Ram Bomjon, the 15-year-old "Buddha boy" of Nepal, has gone missing from the spot where he has been meditating, supposedly without food or water, for the last 10 months.
Devotees noticed his absence when they arrived for worship at 6am on Saturday and went looking for him.
Police began searching but stopped after one day when foul play was ruled out.
Bed Bahadur Lama, Ram's uncle, and president of the pilgrimage site committee, said: "I realised that we are human beings and the meditator is a god, and human beings cannot find him".
Ram's long vigil beneath a sacred pipal tree in the jungle of southern Nepal attracted thousands of pilgrims a day and has made him famous around the world because of the resemblance to an episode in the life of the Buddha.
His claim that he had neither eaten nor drunk throughout his meditation added to the fervour. But it worried his parents, who now long for his safe return.
Yesterday, Mayadevi Bomjon, Ram's mother, was fasting and praying at the site, her face racked with anxiety.
One theory was that Ram had been driven away by the noisy crowds who flocked to see him. According to Prem Lama, the boy monk who was Ram's closest attendant, Ram said he needed more peace.
In the eyes of many, this theory was confirmed by the arrival of a new mystic, 51-year-old Hira Maya Lama, from Kathmandu, who is now known as "Guru Mother", after the boy's disappearance.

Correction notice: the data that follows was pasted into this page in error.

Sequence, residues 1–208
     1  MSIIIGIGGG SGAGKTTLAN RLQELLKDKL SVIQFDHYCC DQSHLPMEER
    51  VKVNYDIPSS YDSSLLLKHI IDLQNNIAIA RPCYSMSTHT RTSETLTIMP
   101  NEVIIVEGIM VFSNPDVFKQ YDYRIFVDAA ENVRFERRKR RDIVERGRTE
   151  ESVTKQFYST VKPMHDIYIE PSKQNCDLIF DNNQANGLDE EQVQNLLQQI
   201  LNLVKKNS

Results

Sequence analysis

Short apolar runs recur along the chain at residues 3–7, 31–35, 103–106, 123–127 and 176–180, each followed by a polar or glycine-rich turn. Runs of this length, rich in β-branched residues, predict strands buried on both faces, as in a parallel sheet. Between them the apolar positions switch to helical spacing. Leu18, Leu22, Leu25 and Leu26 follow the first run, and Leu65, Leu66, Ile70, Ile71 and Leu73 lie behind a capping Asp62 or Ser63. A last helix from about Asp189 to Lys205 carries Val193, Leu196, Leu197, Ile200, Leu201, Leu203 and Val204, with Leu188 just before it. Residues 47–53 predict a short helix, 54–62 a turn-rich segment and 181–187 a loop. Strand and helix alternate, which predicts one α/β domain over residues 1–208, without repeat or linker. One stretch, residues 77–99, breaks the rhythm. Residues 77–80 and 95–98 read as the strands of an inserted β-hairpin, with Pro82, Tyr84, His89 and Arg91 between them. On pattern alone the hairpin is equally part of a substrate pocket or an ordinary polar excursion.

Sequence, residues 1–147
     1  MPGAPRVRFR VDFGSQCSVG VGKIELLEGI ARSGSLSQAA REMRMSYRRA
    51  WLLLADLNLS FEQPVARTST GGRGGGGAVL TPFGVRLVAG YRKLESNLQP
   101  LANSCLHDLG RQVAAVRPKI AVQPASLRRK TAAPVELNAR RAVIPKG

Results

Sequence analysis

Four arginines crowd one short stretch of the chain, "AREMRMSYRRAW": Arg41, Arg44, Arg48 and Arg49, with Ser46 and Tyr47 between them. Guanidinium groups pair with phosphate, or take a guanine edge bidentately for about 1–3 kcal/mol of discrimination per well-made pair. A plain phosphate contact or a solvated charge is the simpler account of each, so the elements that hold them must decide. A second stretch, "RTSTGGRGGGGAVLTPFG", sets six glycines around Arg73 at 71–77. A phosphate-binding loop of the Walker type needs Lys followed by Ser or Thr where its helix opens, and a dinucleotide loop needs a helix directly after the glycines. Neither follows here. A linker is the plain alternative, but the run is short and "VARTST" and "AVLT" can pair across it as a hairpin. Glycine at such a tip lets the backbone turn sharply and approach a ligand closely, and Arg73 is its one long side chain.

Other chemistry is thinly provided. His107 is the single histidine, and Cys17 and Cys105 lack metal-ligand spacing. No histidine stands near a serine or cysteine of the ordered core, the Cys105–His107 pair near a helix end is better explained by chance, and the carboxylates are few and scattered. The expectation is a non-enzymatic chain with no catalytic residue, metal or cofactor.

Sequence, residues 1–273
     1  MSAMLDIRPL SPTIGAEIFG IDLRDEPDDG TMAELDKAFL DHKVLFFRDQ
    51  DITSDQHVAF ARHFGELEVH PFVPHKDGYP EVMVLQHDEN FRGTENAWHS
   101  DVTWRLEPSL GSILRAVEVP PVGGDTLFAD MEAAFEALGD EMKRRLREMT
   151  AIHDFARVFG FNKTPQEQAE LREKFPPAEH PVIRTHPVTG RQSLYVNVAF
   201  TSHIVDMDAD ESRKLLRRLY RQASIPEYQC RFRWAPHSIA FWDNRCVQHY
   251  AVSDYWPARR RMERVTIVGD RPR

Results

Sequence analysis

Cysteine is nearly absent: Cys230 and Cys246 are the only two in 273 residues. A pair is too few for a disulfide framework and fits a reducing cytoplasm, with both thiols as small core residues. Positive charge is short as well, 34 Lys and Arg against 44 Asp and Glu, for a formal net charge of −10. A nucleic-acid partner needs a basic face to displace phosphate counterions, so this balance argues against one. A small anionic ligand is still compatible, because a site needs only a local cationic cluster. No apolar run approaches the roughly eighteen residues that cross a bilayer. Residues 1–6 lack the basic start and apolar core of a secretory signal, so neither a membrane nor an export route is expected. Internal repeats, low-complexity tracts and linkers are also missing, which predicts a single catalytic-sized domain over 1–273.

Mrs Lama says the boy had to move "because it is unholy here and he is being disturbed". She also said he intended to wash in a lake. Ten months without moving from his chosen spot had left Ram caked in dirt. Mrs Lama has said that, if rituals are carried out to purify the site, he would return after three days.
There's news of further iconoclasm at work in the Times:
THE traditional wigs and gowns worn by judges and advocates for 300 years could be scrapped for civil and commercial trials under a review by the Lord Chief Justice..
Lord Phillips of Worth Matravers, a moderniser who dislikes his own five different costumes, intends to reopen the long-running debate of horse-hair headdress when he takes over as official head of the judiciary next month.